Kookai store. So shiny. So skinny.

Until last month. I was on the lookout for a dress for a special occasion. I tried my usual cheap stores and nothing was taking my fancy. And then I saw your St Kilda store, like a shining beacon of downlights and clean glass. The clothes on the pencil-thin mannequins in the window were such pretty colours, summery yellows and Tiffany blues, that I forgot about my broken-green-raw-silk-dress-top, and stepped into the cool air-conditioning and smell of Windex. Instantly, I found a dress that I liked, and went to find it in my size. The first size I came across was size 1. Baffled, considering that this is not a usual Australian size* (except maybe for an actual pencil), I continued to rifle through the rack. Size 2. Nope... still had about ten sizes until we reached me. Kept rifling... but what was this? There was only size 1 and size 2. I asked the lovely sales assistant, who explained they were THE ONLY SIZES, and why don’t I try them on? I gathered a bunch of dress styles in size 2’s – I’m generally an optimistic person, but I could see that size 1 would be totally fucking kidding myself – and went into the fancy change room with the swishy curtain.

Kookai. I tried on the first dress, and the seam began to rip before I’d even got it past my hips. This was not just a reflection on your shithouse sewing. This was about your abso-fucking-lutely ridiculous sizing system. BONE THREE, KOOKAI. BONE. FUCKING. THREE.

A blurb from the Kookai website. I guess I'm not a 'Kookai Woman' because I'm restricted by a fashion boundary... The width of a Size 2 dress.

According to the Australian Bureau of Statistics, an average Aussie woman is a size 16. At most stores, I am a size 12 – sometimes a 10, sometimes a 14, depending on how creative the store is feeling. I am well in the healthy weight range for my height. I may have a little layer of memory foam**, but I’m a fairly fit and normal woman. And yet, I don’t fit into the BIGGEST SIZE THAT YOU STOCK. Do you know how that feels? Even for me, a fairly secure, self-assured female (and actor, which means I deal with having my flaws pointed out on a regular basis), it’s a shitty feeling. I stood in your changeroom, spilling out of the second dress I tried on (which didn’t rip, but was so tight it showed the shape of the sushi I’d had for lunch), frowning at the mirror and making plans to eat only celery sticks and cotton wool for the rest of my life. For about five seconds. Then I took the stupid dress off, walked out of the store, mentally gave you the finger, and went to one of the many shops that cater to the other ninety percent of the female population.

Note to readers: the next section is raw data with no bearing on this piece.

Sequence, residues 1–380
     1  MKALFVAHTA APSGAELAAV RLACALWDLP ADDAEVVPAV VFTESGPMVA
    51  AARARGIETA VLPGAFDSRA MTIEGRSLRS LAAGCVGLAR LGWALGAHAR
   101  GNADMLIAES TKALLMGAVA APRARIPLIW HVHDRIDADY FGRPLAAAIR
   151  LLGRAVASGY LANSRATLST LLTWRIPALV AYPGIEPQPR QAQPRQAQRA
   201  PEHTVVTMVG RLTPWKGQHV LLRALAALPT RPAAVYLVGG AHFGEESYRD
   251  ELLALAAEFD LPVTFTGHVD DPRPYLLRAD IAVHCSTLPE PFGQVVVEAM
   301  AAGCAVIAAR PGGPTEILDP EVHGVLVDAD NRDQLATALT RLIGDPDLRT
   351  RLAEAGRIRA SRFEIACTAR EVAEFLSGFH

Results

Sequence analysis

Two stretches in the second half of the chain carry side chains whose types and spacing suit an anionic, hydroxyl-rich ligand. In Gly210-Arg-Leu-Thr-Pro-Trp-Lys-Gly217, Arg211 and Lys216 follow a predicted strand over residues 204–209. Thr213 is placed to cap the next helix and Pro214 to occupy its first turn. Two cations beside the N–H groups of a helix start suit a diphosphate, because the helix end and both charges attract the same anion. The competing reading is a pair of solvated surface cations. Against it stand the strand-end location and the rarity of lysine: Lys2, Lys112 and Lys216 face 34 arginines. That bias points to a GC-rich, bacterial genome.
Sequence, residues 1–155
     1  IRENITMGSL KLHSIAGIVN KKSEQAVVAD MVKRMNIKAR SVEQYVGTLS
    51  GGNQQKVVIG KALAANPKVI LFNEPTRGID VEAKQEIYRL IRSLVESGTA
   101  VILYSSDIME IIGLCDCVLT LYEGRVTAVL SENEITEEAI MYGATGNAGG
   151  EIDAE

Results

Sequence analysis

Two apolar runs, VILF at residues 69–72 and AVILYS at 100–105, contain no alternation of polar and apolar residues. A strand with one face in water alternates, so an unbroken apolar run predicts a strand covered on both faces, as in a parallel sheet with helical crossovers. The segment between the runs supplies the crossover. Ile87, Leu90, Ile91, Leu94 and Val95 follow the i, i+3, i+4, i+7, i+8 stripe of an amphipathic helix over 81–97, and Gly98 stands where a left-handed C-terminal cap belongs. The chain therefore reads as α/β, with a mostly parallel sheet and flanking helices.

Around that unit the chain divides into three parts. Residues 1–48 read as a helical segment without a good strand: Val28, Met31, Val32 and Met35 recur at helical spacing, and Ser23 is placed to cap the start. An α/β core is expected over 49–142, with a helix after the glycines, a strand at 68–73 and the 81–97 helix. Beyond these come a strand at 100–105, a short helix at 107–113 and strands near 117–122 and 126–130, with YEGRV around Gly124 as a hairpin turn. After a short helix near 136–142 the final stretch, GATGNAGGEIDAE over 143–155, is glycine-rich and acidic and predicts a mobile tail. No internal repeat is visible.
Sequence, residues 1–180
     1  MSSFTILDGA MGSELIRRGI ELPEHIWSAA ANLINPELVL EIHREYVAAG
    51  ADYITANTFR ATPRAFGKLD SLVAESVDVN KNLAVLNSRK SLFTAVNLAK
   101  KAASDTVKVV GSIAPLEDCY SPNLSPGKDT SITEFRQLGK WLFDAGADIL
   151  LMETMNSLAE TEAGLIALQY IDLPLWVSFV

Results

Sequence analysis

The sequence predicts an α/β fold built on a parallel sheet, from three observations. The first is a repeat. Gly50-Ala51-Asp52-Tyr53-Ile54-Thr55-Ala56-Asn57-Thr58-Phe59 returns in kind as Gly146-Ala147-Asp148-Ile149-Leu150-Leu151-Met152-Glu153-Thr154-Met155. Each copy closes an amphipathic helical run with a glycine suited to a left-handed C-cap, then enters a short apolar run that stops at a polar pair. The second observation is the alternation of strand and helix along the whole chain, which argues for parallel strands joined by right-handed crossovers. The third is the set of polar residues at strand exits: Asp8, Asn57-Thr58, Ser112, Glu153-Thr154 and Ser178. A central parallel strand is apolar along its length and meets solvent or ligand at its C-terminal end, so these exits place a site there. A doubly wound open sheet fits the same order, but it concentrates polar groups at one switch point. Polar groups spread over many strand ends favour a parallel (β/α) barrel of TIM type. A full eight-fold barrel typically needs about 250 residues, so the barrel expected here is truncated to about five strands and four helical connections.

Having done a Google search about your sizes, it would seem that thousands of women feel the same as me. A few women claim that they are usually a size 8-10, and your size 2 dresses would not zip up over their ribcages. Apparently, others are pissed off that circa 2005, you GOT RID of your size 3 (good sales move, dickheads... you literally narrowed your market). I even found a petition begging you to upgrade your sizes, or declare yourself to be a specialty store for small/thin women. I want to be clear that there is nothing wrong with the women who do fit into your clothes (skinny people can get just as much shit as fat people, neither of which is fair or anyone’s business). I also concede that as a country, we are overweight, and 16 is not a healthy size to be the average. However, women come in all shapes and sizes, and by not classifying yourself as a specialty store, you are promoting an unhealthy body image, which is particularly concerning for the many teenage girls with more money than I had at that age, who actually try on your stretchy clothes in your fancy change room, and end up crying at their reflection. At the very, very least, you should be catering to the entire healthy weight range, and not making perfectly fine females like me want to stick their fingers down their throat just to wear your summery yellows and Tiffany fucking blues.

Kookai, with your calming, cool-aired stores and beautiful, badly-sewn clothes, I’m sorry for being so angry at you. But, unlike the Heart Foundation’s BMI calculator, you called me fat. So fuck you.

I’m going to Kmart.

*As it turns out, the Australian Standard Size Coding Scheme was scrapped in 2008, which allows retailers to play fast and loose (or tight) with whatever sizing scheme they want. Cheers for that, guys. I’ve got a bone to pick with you, too.

**Memory foam – the fond term I have given to the little love handles and curvier bits of my body, that are testament to wonderful memories – Pot & Parma deals with friends at the local pub, afternoon ciders in the sun, movie nights with Maltesers, and so on. I don’t love the layer of memory foam... but I don’t have any regrets either.

By Lucy Gransbury. Follow her on Twitter @LucyGransbury. Or follow her in real life. She is probably at Kmart, trying on a size 12... or playing in the Barbie aisle.